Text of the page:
disgrating a list

Tal Einat tal.no.no.spam at gmail.com
Sat Sep 2 13:22:01 CEST 2006


Neil Cerutti wrote:
> On 2006-09-01, Tal Einat <tal.no.no.spam at gmail.com> wrote:
> > Tim Chase wrote:
> >> I'm not sure if '__iter__' is the right thing to be looking
> >> for, but it seems to work at least for lists, sets,
> >> dictionarys (via their keys), etc.  I would use it because at
> >> least then you know you can iterate over it
> >
> > AFAIK and as seen throughout posts on c.l.py, the best way to
> > check if something is iterable is:
> >
> > try:
> >     iter(obj)
> > except TypeError:
> >     <obj is not iterable>
> > else:
> >     <obj is iterable>
>
> That confounds me.  Of course, I'm coming from a C++, where you
> never want to throw an exception in a common case, hence the name
> 'exception'. The Python FAQ does say that raising and catching an
> exception is an expensive operation. I see that type-checking is
> good to avoid, but type-checking must be better than "abusing"
> exceptions in this way. Is the above really a popular idiom?
>
> If so, I guess I'll get used to it.
>
Such use of exceptions is surely common enough in Python to be worth
getting to know, if only in order to understand others' code.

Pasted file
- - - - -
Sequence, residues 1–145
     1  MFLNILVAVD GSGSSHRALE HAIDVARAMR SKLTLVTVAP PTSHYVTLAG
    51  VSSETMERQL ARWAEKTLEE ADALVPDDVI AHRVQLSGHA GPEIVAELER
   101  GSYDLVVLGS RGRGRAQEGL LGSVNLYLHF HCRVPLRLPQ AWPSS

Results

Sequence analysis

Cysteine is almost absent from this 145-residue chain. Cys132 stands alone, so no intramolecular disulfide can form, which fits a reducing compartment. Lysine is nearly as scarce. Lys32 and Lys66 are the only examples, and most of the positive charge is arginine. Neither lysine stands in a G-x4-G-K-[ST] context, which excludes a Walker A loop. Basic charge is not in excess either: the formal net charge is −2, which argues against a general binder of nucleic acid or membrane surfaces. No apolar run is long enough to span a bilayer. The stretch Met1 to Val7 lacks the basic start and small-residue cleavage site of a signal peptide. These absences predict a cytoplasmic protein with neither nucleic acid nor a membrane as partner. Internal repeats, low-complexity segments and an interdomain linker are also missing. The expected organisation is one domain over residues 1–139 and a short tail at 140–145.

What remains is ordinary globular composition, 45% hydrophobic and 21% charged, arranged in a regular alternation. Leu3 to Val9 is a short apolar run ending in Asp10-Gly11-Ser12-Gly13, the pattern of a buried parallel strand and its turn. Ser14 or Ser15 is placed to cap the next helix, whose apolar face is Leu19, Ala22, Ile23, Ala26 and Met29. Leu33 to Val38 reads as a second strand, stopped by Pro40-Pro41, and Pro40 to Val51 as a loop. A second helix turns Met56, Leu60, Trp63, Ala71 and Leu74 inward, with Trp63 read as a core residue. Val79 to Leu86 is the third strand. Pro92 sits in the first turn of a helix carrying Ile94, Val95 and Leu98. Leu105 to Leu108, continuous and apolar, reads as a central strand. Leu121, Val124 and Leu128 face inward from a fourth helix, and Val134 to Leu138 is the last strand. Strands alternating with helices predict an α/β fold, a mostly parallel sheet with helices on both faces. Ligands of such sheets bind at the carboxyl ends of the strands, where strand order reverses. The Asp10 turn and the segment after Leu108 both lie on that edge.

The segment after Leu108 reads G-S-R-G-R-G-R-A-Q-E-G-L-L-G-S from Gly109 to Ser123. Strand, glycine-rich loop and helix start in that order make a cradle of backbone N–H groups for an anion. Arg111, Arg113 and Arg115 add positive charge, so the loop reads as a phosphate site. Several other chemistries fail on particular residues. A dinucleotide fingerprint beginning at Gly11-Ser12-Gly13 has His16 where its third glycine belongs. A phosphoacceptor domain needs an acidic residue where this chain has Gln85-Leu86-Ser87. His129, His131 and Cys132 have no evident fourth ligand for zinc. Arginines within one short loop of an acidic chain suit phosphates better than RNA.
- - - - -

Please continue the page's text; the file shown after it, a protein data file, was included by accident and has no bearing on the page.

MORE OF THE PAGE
If you had wanted to check if an object was callable, which is a more
basic functionality in Python, you would use Python's built-in function
callable(). Unfortunately there is no such function as iterable().
(perhaps there should be? ...)

Raising an exception is a relatively "expensive" operation, but not so
much that you would want to avoid it altogether... In most such cases,
such as checking whether an object is iterable, speed isn't an issue.

IMO this is far from "abuse". The iter() function's documenation
explicitly notes "If it does not support either of those protocols,
TypeError is raised." This can be viewed as one possible output of the
function, in addition to the possibility of returning an iterator. In
such a function, raising exceptions instead of returning None or other
special values (often called "return codes") is much more modular, and
IMO much more readable.

- Tal




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